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Aristida

The Experts below are selected from a list of 276 Experts worldwide ranked by ideXlab platform

Katherine D. Heineman – 1st expert on this subject based on the ideXlab platform

  • Evaluating Seed-banking Capacity and Propagation Potential of Endangered Sierra Bermeja Grasses: Aristida chaseae and Aristida portoricensis
    , 2018
    Co-Authors: Joyce Maschinski, Jennifer Possley, Omar A. Monsegur Rivera, Katherine D. Heineman

    Abstract:

    Of the 2329 plant species that are native to Puerto Rico, 188 are grasses (Poaceae) and nearly 20% of those are critically imperiled. To address gaps in knowledge of US endangered Aristida chaseae (Chase’s Threeawn) and Aristida portoricensis (Pelos del Diablo) from Sierra Bermeja in southwestern Puerto Rico, we conducted experiments to determine viability of seeds produced in the wild, germination requirements, and ability to be stored under cold, dry conditions. Both species produced low proportions of viable seed in the wild (Chase’s Threeawn:

  • evaluating seed banking capacity and propagation potential of endangered sierra bermeja grasses Aristida chaseae and Aristida portoricensis
    Caribbean Naturalist, 2018
    Co-Authors: Joyce Maschinski, Jennifer Possley, Omar Monsegur A Rivera, Katherine D. Heineman

    Abstract:

    Of the 2329 plant species that are native to Puerto Rico, 188 are grasses (Poaceae) and nearly 20% of those are critically imperiled. To address gaps in knowledge of US endangered Aristida chaseae (Chase’s Threeawn) and Aristida portoricensis (Pelos del Diablo) from Sierra Bermeja in southwestern Puerto Rico, we conducted experiments to determine viability of seeds produced in the wild, germination requirements, and ability to be stored under cold, dry conditions. Both species produced low proportions of viable seed in the wild (Chase’s Threeawn: <7%, Pelos del Diablo: 34%); seeds germinated at higher rates when desiccated than when fresh or desiccated and frozen. Mean time to germination was slow in both species: 86 d for fresh Pelos del Diablo and 50 d for Chase’s Threeawn. Mean germination time in Chase’s Threeawn slowed to over 90 d in drying and freezing treatments, while these treatments increased the rate of germination in Pelos del Diablo seeds. Both taxa can grow well and produce seed when grown in containers with well-drained soils; therefore, growing plants for restoration is possible. Both species’ seeds can be dried and stored at freezing temperatures, at least for the short term. The longevity of these species’ seeds held in frozen storage is unknown; thus, we advise further testing of seeds after 3, 5, and 10 y in frozen storage.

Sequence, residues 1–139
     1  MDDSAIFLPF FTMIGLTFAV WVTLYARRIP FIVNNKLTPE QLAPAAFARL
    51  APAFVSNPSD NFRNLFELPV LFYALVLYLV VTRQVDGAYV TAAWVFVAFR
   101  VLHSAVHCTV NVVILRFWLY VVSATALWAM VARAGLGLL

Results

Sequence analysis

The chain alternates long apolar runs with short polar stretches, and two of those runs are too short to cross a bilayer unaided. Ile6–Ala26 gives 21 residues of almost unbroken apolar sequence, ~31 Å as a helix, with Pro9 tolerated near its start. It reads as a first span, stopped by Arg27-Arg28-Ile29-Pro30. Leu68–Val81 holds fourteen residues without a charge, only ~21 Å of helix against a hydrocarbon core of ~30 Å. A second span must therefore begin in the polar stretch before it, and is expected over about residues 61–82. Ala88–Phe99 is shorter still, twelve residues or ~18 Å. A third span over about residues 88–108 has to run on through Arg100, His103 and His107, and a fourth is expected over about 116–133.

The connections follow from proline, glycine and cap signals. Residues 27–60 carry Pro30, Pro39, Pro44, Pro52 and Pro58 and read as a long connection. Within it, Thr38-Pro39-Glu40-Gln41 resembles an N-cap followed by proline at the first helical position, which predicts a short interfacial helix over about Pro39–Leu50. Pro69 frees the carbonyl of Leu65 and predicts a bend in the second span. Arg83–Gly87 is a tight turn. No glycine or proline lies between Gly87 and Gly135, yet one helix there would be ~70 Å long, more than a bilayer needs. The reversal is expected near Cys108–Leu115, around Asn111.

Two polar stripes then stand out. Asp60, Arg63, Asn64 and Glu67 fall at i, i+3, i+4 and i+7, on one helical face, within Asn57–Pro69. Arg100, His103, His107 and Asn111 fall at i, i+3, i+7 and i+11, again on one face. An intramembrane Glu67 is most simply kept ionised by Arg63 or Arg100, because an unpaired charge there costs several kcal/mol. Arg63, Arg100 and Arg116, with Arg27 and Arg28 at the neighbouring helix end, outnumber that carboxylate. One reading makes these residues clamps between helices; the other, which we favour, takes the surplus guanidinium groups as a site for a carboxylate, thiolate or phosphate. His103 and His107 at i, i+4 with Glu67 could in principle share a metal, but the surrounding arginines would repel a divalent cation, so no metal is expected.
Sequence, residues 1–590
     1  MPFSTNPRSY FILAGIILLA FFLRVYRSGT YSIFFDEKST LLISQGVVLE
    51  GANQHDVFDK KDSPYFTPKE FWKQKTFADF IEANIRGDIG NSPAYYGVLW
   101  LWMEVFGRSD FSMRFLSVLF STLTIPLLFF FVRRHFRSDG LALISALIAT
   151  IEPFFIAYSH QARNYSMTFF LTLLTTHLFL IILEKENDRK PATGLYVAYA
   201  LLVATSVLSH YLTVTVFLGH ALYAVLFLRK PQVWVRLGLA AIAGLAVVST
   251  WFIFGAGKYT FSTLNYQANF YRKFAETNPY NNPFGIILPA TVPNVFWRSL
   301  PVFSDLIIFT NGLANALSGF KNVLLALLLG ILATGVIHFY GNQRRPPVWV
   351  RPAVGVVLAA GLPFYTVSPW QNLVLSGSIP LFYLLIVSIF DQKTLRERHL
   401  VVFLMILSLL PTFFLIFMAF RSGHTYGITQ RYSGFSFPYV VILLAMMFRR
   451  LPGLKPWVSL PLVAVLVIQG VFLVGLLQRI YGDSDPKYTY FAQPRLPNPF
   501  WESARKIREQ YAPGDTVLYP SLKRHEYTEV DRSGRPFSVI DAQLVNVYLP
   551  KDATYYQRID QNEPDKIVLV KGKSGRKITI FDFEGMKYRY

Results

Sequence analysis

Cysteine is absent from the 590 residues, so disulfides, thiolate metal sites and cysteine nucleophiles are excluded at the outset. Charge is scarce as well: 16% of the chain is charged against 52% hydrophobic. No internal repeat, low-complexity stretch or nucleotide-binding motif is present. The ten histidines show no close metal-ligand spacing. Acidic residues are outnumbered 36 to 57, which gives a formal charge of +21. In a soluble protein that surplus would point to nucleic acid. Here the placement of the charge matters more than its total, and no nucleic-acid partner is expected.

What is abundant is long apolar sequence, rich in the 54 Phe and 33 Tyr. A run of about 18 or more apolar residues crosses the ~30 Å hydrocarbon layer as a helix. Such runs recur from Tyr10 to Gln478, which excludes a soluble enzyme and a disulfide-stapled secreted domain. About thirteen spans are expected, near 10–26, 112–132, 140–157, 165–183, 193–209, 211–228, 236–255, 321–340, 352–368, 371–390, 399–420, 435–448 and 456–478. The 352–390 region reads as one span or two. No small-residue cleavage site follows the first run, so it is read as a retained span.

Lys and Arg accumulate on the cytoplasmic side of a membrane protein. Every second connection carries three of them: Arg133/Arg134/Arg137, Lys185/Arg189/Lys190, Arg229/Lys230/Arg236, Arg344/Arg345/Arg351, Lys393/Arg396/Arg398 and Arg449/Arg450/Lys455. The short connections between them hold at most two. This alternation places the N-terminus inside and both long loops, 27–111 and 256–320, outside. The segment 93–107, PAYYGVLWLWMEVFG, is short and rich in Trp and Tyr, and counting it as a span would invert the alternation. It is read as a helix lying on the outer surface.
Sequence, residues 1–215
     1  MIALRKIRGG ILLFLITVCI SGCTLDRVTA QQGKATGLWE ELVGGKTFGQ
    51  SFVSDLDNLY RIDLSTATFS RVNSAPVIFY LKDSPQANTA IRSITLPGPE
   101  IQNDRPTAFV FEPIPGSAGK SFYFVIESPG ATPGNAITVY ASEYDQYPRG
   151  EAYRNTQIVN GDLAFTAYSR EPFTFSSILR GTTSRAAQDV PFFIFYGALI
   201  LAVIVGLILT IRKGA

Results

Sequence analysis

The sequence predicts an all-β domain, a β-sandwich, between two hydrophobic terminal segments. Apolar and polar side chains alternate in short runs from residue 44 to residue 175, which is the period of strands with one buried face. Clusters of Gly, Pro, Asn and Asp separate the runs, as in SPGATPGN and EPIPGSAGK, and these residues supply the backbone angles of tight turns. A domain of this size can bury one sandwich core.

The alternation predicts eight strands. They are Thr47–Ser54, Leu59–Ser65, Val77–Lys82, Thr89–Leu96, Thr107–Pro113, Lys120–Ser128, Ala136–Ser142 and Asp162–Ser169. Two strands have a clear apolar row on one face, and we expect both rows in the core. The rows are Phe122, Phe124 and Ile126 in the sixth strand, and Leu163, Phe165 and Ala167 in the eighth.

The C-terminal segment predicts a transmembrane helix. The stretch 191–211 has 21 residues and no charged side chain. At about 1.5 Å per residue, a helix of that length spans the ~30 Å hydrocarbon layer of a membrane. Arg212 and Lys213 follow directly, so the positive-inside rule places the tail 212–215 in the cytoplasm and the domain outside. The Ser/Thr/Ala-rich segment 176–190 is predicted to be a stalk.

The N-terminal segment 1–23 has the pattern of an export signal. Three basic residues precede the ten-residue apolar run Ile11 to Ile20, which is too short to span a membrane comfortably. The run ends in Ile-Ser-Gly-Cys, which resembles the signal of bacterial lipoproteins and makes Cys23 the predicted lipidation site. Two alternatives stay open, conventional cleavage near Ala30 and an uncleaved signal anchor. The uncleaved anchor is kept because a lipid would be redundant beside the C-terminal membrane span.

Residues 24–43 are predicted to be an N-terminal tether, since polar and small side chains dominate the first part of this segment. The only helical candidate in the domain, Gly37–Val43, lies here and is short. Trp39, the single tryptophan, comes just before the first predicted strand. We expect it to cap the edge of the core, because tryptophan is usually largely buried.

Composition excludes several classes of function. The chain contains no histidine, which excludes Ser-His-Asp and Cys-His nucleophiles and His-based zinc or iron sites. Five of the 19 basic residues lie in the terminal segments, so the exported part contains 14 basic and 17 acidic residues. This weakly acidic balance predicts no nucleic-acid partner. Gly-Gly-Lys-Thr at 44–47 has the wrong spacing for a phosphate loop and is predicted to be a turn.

Joyce Maschinski – 2nd expert on this subject based on the ideXlab platform

  • Evaluating Seed-banking Capacity and Propagation Potential of Endangered Sierra Bermeja Grasses: Aristida chaseae and Aristida portoricensis
    , 2018
    Co-Authors: Joyce Maschinski, Jennifer Possley, Omar A. Monsegur Rivera, Katherine D. Heineman

    Abstract:

    Of the 2329 plant species that are native to Puerto Rico, 188 are grasses (Poaceae) and nearly 20% of those are critically imperiled. To address gaps in knowledge of US endangered Aristida chaseae (Chase’s Threeawn) and Aristida portoricensis (Pelos del Diablo) from Sierra Bermeja in southwestern Puerto Rico, we conducted experiments to determine viability of seeds produced in the wild, germination requirements, and ability to be stored under cold, dry conditions. Both species produced low proportions of viable seed in the wild (Chase’s Threeawn:

  • evaluating seed banking capacity and propagation potential of endangered sierra bermeja grasses Aristida chaseae and Aristida portoricensis
    Caribbean Naturalist, 2018
    Co-Authors: Joyce Maschinski, Jennifer Possley, Omar Monsegur A Rivera, Katherine D. Heineman

    Abstract: